Seaton Carew, famous local man and failing entrepreneur, has agreed to give The Spoof! a sometimes fascinating insight to his daily life, his friendships and his colourful background.
We met with Mr Carew (age indeterminable) on the set of a new period drama series being filmed in the small Somerset town of Shepton Mallet as he tried to wheedle his way onto the camera at every opportunity.
Due to the inclement weather, Seaton wore a mosquito net over his face to stop the rain from affecting his recently applied make up, make up he told us that had been made by his own fair hand just that morning.
birbee; Mr Carew, you have had had somewhat of a chequered past, was it influenced in any way by your father?
SC; My dear chap, my father was absent for most of my childhood, in fact my dear old mother never grew tired of telling me that he was probably absent at my conception, so I rather fail to see how he could have had any influence on my life at all.
birbee; So who do you think was the biggest influence in your life, your mother?
SC; My mother was a lush. She was a dear old woman but a lush never the less. She came from a humble beginning, you know, her parents were both prostitutes who worked in Bristol docks. When they first met, her father always told people he was 'a Docker' but said it in such a fashion that he made it sound like he had a medical background. He was soon exposed though, by many a real docker, and never made much money. Her mother on the other hand made an absolute fortune. It wasn't that she was pretty, merely that she would do anything, and I mean anything, and she didn't charge too much.
My main influence as I grew up though, would be the two desert spoons my Aunty gave to me for my eighth birthday. She wasn't my real Aunty of course, but an actress like mother. Anyway, the spoons were my first foray into the life of the stage.
birbee; What are your best memories from your years working on the stage?
SC; I worked the stage all over the world for nigh on 4 and a half years, but I have to admit my best memories from that time are from behind, to the side of and under the stage.
It was under the stage that I first met Farrington Gurney. He was a colourful chap then, more so than today, but he was still a bit of a wheeze even at that tender age.
Never forget the day, it was a Tuesday. or was it Thursday?, we had just finished our interlude performance. A double act that involved the two of us and a large pair of chopsticks. Farrington would run as fast as he could around the stage in ever decreasing circles and I would try and catch him between the sticks whilst wearing a blindfold. To help me, Farrington would break wind loudly at sporadic intervals to give me an idea where he was. He ran so fast though, the blighter, that I never caught him, not once, not in all those years.
Anyway, after the act, we retired under the stairs and just listened to the people at work above us. It gave us a strange sense of wellbeing. Just being there, just the two of us, sometimes clothed, sometime naked.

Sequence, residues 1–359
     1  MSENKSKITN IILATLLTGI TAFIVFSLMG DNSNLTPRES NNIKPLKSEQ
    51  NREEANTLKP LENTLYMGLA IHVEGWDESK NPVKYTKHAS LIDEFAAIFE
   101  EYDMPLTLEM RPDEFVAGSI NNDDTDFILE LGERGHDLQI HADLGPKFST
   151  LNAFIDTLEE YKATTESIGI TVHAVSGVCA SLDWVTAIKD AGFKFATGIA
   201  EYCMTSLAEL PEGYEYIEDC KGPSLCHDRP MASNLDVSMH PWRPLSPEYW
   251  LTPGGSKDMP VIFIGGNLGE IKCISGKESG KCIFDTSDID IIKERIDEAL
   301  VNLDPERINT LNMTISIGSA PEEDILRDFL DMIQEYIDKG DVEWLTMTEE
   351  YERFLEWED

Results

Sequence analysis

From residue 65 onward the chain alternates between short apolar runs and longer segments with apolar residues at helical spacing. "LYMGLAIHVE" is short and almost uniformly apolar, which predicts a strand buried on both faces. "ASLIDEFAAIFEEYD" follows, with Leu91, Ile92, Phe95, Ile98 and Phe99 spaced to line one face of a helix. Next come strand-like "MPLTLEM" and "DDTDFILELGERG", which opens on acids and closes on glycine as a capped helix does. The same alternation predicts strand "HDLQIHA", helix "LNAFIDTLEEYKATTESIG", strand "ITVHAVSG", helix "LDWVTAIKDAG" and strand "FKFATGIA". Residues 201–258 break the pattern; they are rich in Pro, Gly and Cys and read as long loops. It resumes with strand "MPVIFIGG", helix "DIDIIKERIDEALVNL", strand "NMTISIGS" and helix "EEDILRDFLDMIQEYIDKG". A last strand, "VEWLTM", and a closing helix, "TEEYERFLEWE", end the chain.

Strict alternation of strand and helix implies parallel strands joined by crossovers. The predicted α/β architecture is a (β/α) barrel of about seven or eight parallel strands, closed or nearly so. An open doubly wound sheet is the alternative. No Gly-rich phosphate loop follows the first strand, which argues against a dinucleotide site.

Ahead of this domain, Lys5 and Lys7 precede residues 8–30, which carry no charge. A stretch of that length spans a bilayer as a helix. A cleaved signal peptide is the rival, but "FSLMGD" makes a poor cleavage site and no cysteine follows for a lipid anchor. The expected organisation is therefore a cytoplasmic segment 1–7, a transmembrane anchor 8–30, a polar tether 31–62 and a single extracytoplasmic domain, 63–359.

birbee; After your acting career came to an end, what made you decide to enter the world of pop music?
SC; Well it seemed the obvious choice really. I had so many contacts in the theatre world that my phone was always ringing.
I saw an opening when the Bay City Rollers split up and I just thought I would bide my time until the public was ready to hear from them again.
It has been a long wait, but hopefully the proof of the pudding will be bourne by the one who laughs longest.
birbee; So have you had much success with the newly re-formed 'Rollers'?
SC; These things take time old boy. I didn't expect anything to happen overnight, and nothing has, so I am right where I thought I would be.
I learnt from my time in the theatre that one night the audience can love you, the next they may hate you.
One evening, I was on stage in my 'Space Race' outfit, resplendent with collander as a helmet and tin foiled plus fours, when onto the stage ran this upstart and began performing a rather unusal dance. It was like he was on drugs, I thought, but it turned out he had eaten too many marshmallows immediately prior to entering from stage right.
Anyway, my point is that from that moment on, the audience turned on me and loved him.
That was my first sighting of the rogue Folgate, but I didn't see him for years after that.
birbee; When did you decide to form a partnership with Farrington Gurney and Norton Folgate and has it always been a success?
SC; Gurney and I hit it off right away, from the word go, but Folgate was a little shit.
For years he used to taunt us, saying that he was better than us. Just because he had more bookings than us and was making more money, we still had a better repatoire than he ever had.
But, eventually, we all became business partners and he was soon making the same money as us.
birbee; So what does the future hold for you?
SC; Well we are in the process of writing next years Eurovision Song Contest entry, and we are still awaiting to reap the fruits of the Bay City Rollers thing. If that works, we are going to try Showaddywaddy too.
We have also recently set up a company to encourage people to swim the English Channel. The amount they would save on their holidays would be immense, but Norton (who comes from inner-city Clerkenwell) cannot swim.
We have other irons in the fire, but none of them has warmed as yet.
At this point, Seaton Carew sauntered off to chat to the make-up girl, exchange tips and try to talk his way in front of the camera.
Coming soon, The Big Interview will be asking probing questions to more local celebrities.